with a competitive power pool ("Market Exchange"), independent system operator (ISO), Contracts for Differences, and physical bilateral contracts. Moreover, it instructed the state's electric utilities to file plans (at both the PSC and the FERC) by October 1 on seven key points:
s running the pool and the ISO
s transmission pricing
s how to "distinguish" transmission from distribution (the bright line still lives)
s "load pockets" (must-run generation)
s licensing or certification for energy service companies (ESCOs)
s whether to shift the duty to serve to ESCOs
s how to handle metering and billing.
The PSC added, "We strongly encourage divestiture, particularly of generation assets, but do not require it immediately."
A Silver Lining
All this may prove interesting for New York legislator Sheldon Silver, a democrat from the Lower East Side who now holds the post of Speaker of the New York Assembly. I heard him speak back in April, at a meeting on electric utility indentures accounting at the New York offices of Bear Stearns & Co. Silver warned the PSCto stay out of the way and leave it to the state legislature to restructure the electric utility business: "PASNY (Power Authority of the State of New York) has proposed that it should acquire all transmission assets. But the PSC has no jurisdiction to effect such a plan, or to mandate such a plan."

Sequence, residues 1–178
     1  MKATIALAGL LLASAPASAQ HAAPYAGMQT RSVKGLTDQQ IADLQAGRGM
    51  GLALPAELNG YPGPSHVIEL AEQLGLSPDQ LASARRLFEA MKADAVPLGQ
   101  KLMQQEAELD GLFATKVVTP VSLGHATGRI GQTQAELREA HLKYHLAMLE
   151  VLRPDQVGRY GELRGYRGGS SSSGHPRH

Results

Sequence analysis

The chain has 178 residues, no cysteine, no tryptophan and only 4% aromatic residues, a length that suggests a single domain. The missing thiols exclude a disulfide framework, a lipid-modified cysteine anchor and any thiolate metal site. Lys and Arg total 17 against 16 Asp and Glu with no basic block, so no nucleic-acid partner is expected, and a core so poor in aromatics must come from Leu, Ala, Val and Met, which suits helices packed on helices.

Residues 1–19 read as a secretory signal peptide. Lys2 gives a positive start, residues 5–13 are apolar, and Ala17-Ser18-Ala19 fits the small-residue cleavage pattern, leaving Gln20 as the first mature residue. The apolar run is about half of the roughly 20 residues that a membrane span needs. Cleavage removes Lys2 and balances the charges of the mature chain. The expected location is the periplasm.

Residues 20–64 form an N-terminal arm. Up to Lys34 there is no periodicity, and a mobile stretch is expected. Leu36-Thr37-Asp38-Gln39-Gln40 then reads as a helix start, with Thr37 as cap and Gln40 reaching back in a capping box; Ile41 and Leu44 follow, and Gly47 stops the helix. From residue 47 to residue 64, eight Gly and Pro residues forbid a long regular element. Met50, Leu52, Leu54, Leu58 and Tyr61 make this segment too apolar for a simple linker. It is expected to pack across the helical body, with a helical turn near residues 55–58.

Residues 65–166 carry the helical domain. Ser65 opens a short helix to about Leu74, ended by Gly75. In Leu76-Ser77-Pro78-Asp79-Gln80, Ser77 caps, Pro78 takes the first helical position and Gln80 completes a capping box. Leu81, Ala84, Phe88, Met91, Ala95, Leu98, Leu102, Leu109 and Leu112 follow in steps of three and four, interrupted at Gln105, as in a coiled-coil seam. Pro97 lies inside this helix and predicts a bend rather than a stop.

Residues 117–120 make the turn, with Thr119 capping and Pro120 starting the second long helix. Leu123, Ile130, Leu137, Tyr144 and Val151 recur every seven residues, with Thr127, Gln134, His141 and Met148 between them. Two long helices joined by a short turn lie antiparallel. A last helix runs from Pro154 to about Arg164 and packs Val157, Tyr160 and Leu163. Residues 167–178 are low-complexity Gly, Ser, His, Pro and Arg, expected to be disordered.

As Silver notes, New York legislators have devised their own plan, known as Competition Plus, which includes two different bills. The two bills would set a timetable for electric competition and customer choice, with continued regulation of transmission and distribution. One bill (Silver describes his plan as "a work in progress") would ensure full customer choice by 2000, split generation from transmission in 2003, and divest electric from gas assets by 2005. A second bill would force PASNY to refocus on its original mission (hydro development) by selling all its nonhydro facilities. The plan would set up funds ("The Energy 2000 Fund") to promote energy efficiency and bridge the competitive transition. The plan would "ensure that contractual obligations among utilities and independent power producers are fulfilled to the benefit of all."
"Regulation by the PSCwon't get us there," says Silver. It's time for the legislature to lead the way.
"The PSC is designed to implement policy. But the statutes don't contemplate competition. The PSC doesn't have authority to restructure the industry. It doesn't have that mandate."
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